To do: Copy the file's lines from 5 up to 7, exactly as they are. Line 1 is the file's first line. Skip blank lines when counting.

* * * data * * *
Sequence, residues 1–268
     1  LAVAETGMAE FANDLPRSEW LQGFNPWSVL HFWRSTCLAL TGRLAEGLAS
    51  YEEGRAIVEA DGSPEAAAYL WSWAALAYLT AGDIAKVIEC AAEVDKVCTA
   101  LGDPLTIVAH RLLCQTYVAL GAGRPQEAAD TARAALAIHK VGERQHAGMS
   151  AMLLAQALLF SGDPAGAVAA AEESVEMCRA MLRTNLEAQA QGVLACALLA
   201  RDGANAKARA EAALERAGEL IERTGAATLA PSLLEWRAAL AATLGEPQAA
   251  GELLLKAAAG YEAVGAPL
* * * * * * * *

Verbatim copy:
   151  AMLLAQALLF SGDPAGAVAA AEESVEMCRA MLRTNLEAQA QGVLACALLA
   201  RDGANAKARA EAALERAGEL IERTGAATLA PSLLEWRAAL AATLGEPQAA
   251  GELLLKAAAG YEAVGAPL